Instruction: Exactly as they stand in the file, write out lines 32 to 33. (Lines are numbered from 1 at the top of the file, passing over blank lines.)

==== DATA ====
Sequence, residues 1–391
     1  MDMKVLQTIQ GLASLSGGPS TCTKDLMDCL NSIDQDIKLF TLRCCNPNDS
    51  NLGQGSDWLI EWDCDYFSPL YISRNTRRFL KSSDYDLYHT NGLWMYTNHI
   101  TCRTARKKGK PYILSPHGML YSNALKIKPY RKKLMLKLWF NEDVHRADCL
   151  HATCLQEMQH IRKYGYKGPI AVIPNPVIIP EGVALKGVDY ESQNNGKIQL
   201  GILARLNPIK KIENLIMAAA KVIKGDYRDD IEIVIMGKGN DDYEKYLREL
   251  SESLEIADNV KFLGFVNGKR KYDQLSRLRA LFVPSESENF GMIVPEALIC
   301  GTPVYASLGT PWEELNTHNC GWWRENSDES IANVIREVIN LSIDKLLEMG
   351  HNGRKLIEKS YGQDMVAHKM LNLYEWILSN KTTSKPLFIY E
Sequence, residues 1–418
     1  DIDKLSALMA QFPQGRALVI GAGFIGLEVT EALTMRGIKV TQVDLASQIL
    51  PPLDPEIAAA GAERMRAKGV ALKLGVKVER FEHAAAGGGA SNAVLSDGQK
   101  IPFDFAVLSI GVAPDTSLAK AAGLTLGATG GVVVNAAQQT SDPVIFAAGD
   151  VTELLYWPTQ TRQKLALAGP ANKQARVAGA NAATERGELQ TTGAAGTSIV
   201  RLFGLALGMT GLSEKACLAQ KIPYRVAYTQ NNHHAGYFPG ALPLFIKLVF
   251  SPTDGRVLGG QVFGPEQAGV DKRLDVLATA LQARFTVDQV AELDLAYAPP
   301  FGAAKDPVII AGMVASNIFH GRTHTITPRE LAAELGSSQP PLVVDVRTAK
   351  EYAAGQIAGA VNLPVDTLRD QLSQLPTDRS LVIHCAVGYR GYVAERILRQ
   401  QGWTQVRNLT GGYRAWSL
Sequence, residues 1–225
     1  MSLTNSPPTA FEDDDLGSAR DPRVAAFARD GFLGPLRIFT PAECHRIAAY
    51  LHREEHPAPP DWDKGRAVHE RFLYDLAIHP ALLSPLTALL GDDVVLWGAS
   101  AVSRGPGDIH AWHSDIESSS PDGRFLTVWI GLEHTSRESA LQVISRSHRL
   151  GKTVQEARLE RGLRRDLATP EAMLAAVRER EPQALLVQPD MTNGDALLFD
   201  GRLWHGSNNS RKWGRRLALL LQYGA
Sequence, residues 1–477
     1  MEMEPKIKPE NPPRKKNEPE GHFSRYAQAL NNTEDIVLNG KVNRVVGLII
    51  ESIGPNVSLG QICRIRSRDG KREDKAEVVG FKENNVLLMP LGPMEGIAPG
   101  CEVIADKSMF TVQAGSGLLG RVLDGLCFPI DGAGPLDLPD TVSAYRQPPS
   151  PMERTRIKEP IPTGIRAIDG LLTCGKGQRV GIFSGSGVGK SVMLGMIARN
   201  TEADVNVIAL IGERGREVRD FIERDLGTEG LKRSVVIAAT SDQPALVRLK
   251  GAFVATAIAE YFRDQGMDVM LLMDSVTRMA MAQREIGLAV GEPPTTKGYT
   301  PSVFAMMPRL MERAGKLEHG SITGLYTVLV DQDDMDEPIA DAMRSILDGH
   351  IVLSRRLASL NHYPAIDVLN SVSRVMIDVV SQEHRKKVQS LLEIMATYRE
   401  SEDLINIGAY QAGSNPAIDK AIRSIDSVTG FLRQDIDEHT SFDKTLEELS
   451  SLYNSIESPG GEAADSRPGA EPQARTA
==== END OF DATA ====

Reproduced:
   251  GAFVATAIAE YFRDQGMDVM LLMDSVTRMA MAQREIGLAV GEPPTTKGYT
   301  PSVFAMMPRL MERAGKLEHG SITGLYTVLV DQDDMDEPIA DAMRSILDGH